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Monday September 16th 2019



RAs and HAs: Building community one floor at a time

smileyBy Jaclyn Arens–College is a whole new world for incoming students. Most of them have never shared a room before, let alone lived in a building with hundreds of their peers. Building community on a hall and in a building is essential for college students because the dorms are their homes.

Resident Assistants (RAs) and Head Residents (HRs) create functions for students. A function can be any kind of get together that brings students together and forces them to interact. Programs help freshman battle homesickness, make friends, and assimilate into the college culture.

RAs and HRs develop and implement floor programs as well as provide emotional and physical support to students. The goal of programing is to help students feel at home and make friends. Sophomore RA Niccole Wolken explains, “They help people interact with other people better.”

Emily Houlsworth is a Morningside freshman who lives in Dimmitt. She likes bonding programs because they help her create relationships with the people on her floor and in her building. She said, “They have helped me branch out to other people because everyone’s kind of in the same boat because we’re all in the same place, and everyone is vulnerable and wants to make friends.”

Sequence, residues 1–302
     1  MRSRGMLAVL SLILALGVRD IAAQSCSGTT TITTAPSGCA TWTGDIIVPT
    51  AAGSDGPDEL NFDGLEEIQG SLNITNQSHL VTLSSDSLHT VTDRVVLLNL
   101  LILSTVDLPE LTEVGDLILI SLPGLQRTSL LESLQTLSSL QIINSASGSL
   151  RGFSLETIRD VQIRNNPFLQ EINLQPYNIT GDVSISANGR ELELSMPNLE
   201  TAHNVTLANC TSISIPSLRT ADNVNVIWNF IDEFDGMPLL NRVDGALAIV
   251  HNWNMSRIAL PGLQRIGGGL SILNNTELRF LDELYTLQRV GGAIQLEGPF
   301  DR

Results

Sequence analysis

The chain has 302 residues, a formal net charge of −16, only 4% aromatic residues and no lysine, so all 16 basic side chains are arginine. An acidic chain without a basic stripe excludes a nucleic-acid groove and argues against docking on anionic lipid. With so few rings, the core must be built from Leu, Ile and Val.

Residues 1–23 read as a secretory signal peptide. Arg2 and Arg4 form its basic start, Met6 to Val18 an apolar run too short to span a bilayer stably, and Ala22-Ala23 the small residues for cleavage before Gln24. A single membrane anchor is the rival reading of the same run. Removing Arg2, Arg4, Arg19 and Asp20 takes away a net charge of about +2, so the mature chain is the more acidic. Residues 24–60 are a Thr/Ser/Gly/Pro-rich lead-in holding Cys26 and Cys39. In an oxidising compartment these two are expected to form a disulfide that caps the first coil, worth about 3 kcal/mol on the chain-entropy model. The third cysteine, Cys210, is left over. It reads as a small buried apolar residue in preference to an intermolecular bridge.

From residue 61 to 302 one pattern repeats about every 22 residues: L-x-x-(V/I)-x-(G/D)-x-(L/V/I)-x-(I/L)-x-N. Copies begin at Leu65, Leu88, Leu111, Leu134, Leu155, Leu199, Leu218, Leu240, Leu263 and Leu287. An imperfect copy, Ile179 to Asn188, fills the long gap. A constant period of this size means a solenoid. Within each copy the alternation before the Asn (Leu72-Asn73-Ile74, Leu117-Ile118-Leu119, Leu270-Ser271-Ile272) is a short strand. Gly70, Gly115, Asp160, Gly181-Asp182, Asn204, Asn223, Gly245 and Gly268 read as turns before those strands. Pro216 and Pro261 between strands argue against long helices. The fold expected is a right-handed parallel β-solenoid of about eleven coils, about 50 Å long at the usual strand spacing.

Her favorite kinds of programs are building-wide ones because she gets to meet the rest of the people who live in her building.

In every residence hall there is at least one RA per floor (two on freshman floors), and at least one HR. HRs monitor the RAs in their building to make sure they are completing their job duties, and they are also the head authority for incidents.

Dimmitt has two HRs because it is such a big building, housing about 300 students every semester. The current HRs are Josh Doering and Sarah Yankowski, both seniors.

HRs do not have a hall that they program for, but they do put on programs for the entire building they oversee. Doering states, “Programming inspires bonding through residents whether it’s the fun moments or the awkward, silly programs. It gives them something to talk about on the hall.”

His favorite program has been a hall flag football team. He elaborates, “Every week we would go together and battle on the field. Create the bonds of brotherhood through blood sweat and tears.” This was his favorite program because the guys were forced to get out of their rooms and interact with each other, which created paths for some friendship opportunities.

Yankowski also thinks programing is important because “it assimilates (freshman) into a home environment which makes them connect right away and have a structured environment.”

Her favorite program was a diversity program where she brought a big piece of paper and had all her residents stamp their hand in different colors and write things about themselves that they loved.